Host-choice behavior is also crucial for understanding whether a host shift preceded hybridization (“host-shift-first” hypothesis) or vice versa (“hybridization-first” hypothesis). If the parental taxa do not discriminate against honeysuckle, one cannot exclude that hybridization is the consequence of a host shift or at least oviposition mistakes. As stated above, host fidelity acts as the principal mechanism of reproductive isolation in Rhagoletis (Prokopy et al. 1971; Smith and Prokopy 1980). If R. mendax and R. zephyria colonize the same host, that is, honeysuckle, then this mechanism of reproductive isolation no longer exists and host-independent sexual isolation is too weak to prevent matings between R. mendax and R. zephyria on the new host (Smith 1986; Schwarz 2004). This would also be the case if both parents met on one of the two parental hosts due to an error in host choice. Whether hybridization preceded a host shift or vice versa depends on which error is more likely to occur—the choice of honeysuckle or the choice of the other parent's host fruit.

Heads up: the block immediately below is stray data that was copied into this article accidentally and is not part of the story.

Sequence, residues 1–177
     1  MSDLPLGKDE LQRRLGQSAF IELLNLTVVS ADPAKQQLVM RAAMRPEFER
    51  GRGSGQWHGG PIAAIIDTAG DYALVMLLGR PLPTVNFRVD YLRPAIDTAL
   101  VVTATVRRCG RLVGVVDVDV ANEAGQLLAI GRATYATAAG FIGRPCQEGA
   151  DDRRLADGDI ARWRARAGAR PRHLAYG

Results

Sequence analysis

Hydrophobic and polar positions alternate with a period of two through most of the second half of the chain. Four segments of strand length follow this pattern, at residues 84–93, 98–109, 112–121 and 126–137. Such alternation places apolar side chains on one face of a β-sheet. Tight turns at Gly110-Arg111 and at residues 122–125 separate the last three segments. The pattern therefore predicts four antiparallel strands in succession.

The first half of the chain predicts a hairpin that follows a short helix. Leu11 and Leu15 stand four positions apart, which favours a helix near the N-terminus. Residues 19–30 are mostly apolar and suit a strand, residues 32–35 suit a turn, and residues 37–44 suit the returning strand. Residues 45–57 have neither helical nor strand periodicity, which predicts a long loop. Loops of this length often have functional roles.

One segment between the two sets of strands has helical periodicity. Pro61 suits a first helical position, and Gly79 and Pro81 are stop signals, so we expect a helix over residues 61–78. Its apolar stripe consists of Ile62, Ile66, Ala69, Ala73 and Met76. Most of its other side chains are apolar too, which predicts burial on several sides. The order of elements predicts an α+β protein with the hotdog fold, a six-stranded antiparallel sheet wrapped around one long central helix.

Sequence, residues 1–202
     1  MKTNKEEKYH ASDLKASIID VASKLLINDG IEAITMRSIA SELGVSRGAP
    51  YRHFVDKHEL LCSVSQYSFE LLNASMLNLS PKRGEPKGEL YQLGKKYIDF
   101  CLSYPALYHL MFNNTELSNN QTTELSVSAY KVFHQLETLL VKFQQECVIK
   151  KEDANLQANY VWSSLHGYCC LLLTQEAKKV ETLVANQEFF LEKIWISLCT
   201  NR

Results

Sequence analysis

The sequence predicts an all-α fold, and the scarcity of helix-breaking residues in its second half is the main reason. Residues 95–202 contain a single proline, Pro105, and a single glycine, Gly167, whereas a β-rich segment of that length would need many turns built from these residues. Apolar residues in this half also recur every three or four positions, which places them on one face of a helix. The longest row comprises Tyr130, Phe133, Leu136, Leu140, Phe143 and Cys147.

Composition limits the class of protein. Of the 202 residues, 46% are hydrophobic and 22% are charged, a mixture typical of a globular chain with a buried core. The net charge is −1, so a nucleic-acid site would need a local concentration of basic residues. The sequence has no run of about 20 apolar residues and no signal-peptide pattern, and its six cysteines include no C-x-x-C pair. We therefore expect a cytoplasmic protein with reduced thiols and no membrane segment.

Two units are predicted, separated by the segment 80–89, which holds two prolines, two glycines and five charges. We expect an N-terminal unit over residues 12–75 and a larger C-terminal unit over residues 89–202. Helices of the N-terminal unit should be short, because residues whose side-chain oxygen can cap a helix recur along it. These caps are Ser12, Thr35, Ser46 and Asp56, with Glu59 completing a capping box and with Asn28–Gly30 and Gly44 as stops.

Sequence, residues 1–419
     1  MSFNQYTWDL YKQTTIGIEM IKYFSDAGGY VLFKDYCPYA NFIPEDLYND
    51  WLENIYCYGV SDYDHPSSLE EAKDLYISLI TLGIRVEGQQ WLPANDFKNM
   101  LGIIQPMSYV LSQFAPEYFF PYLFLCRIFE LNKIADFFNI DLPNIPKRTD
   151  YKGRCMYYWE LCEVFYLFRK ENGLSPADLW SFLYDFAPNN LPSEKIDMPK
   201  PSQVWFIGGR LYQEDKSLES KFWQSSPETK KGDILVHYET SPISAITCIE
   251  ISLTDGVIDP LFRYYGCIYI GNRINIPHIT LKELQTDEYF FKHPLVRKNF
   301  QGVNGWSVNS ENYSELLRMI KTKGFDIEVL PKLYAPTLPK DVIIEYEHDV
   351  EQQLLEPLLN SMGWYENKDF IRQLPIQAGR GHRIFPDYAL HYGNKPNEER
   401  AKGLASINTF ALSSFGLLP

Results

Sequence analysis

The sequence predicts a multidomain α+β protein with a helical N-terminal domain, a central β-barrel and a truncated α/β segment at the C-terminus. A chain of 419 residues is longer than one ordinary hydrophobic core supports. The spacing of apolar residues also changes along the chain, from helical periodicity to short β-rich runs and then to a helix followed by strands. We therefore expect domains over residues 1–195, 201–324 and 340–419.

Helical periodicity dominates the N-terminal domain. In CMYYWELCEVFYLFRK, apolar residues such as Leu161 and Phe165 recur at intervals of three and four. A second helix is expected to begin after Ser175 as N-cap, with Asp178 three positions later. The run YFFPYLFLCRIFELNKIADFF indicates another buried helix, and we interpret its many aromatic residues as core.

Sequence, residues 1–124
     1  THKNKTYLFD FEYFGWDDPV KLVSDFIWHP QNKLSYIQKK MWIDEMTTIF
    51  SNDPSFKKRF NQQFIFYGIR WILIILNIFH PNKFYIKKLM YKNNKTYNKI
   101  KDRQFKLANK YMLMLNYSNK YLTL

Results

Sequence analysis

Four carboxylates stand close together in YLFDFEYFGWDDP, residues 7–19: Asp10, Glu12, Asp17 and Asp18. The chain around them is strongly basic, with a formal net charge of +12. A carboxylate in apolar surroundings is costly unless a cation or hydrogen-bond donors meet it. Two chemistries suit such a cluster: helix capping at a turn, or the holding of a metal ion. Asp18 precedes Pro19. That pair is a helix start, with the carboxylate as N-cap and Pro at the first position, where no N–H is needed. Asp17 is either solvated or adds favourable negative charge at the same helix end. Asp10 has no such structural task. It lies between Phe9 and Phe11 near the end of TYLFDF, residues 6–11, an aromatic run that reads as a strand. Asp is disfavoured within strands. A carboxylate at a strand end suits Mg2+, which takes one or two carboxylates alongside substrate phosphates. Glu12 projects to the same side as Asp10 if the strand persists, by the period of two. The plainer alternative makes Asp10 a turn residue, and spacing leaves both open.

Previous studies have elucidated much of the host-choice behavior in Rhagoletis (reviewed in Prokopy and Papaj 2000). Most studies have concentrated on R. pomonella, but some work has also been conducted on other Rhagoletis taxa (Diehl and Prokopy 1986; Boller et al. 1998). Fruit odors have been shown to act as cues for discrimination between different host-fruit species. Rhagoletis pomonella and R. mendax show differences in their antennal sensory response to hawthorn and blueberry (Frey et al. 1992), and the host races of R. pomonella can distinguish between apple and hawthorn volatiles (Linn et al. 2003). Flies will not only seek out volatile blends of preferred host-fruit species (= preference sensu stricto), but will also actively avoid non-host-fruit volatiles when tested against a blank (Forbes et al. 2005). Due to the methodological difficulties of producing a true blank control in our tests of host choice via oviposition in real fruit, our observed “preference” could result from either preference sensu stricto or avoidance or both. On the fruit, flies explore the fruit surface, and it is thought that they use their tarsal receptors, antennae, and mouthparts to assess fruit quality based on chemical and physical characteristics (Prokopy and Papaj 2000). These behaviors in females are followed by probing the fruit with the ovipositor to obtain information about the chemical and physical properties of the fruit flesh (Prokopy and Papaj 2000) and, finally, oviposition. After oviposition, females mark the fruit surface with oviposition-deterring pheromone that deters oviposition both by that female and conspecific individuals (Prokopy and Papaj 2000).